Master of Professional Studies in Technology Management

Industry and Careers

Organizations in Need of IT Innovation

Today’s chief information officers (CIOs) and other technology management leaders exist at a significant crossroads, responsible for more than just the overall technological direction of their organizations. Increasingly, many IT leaders are now essential members of executive teams, called on to provide organizations with expert visions on mastering information technologies as strategic competitive advantages.

Meanwhile, IT innovation has never been more important. Technology suddenly has moved organizations into a new “Postdigital” Enterprise era, according to Deloitte,1 with a next wave of innovations that will “provoke and harvest disruption.” Deloitte sees, in 2013, a “convergence and controlled collision” of five forces: Analytics, Mobile, Social, Cloud and Cyber.

“Don’t get caught unaware or unprepared,” the consulting firm warns.

One More Challenge: Moving People

As if the IT challenges of 2013 already aren’t enough, perhaps the biggest IT challenge of all, according to technology experts, will be getting more IT leaders to give wings to their technology projects with sound business management and people management principles.

It is why more than two-thirds of IT leaders, in a recent CIO magazine survey,2 said they plan to place more focus on marketing the IT department to give the business a better understanding of IT’s capabilities and processes, up from 55 percent in 2012.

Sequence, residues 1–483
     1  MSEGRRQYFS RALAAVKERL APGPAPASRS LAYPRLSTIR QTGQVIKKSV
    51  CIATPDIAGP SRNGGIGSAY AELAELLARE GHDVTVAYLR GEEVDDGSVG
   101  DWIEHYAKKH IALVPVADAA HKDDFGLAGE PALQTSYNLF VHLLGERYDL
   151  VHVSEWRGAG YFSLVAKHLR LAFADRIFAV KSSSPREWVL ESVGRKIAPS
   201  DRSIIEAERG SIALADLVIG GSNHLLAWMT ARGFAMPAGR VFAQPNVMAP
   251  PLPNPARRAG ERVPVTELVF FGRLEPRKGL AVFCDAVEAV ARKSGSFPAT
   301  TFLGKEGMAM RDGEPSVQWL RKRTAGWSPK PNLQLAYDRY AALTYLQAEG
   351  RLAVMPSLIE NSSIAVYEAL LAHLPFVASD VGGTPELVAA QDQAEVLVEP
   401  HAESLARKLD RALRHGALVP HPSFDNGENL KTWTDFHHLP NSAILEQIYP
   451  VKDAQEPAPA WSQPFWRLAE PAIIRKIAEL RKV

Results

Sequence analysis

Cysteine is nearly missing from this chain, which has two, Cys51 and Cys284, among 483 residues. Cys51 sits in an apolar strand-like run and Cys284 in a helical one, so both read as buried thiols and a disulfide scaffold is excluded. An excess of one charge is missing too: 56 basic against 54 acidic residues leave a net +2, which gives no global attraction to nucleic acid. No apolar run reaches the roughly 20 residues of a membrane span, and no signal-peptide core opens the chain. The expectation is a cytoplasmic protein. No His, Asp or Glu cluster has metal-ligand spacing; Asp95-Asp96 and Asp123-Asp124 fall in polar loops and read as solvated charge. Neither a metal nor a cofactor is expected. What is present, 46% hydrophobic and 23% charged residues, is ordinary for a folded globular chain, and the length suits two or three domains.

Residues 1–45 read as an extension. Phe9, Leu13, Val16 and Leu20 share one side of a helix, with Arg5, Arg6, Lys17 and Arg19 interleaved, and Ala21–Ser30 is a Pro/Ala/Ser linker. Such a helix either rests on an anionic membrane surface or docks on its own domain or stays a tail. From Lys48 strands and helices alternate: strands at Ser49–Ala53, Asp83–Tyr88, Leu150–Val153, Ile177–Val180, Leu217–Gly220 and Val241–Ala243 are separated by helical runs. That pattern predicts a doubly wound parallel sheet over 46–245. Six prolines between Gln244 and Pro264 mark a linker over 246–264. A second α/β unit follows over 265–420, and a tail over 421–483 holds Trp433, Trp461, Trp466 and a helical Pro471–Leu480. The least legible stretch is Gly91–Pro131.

CIOs are “increasingly taking action to solidify or elevate their team’s general relationship with business stakeholders by delegating more, developing leadership and cross-functional skills among their IT staff and increasing their attention and focus on customers,” according to the CIO magazine report on the survey’s findings.

“An IT team that has a deep understanding of the company’s business is much more apt to be able to spot opportunities for external revenue-generating projects,” writes Mary K. Pratt, reporting for Computerworld.3 “Once they get the green light, technologists will most likely be required to work closely with experts in other departments to identify customer needs and market products.

Better Business Results

As Pratt suggests, organizations want their IT leaders to become better champions of bottom-line business objectives.

While, historically, IT departments have been effective at driving efficiencies, IT leaders have fallen short on driving business profits, according to a global survey conducted by the Economist Intelligence Unit, sponsored by Juniper Networks.4 The majority of businesses “still failing to engage with IT departments when it comes to new product development and identifying new markets and growth opportunities.”

The disconnect? Organizations and IT departments continue to work in silos, a recipe for disaster in the post-digital world of real-time connectivity and constant engagement with customers.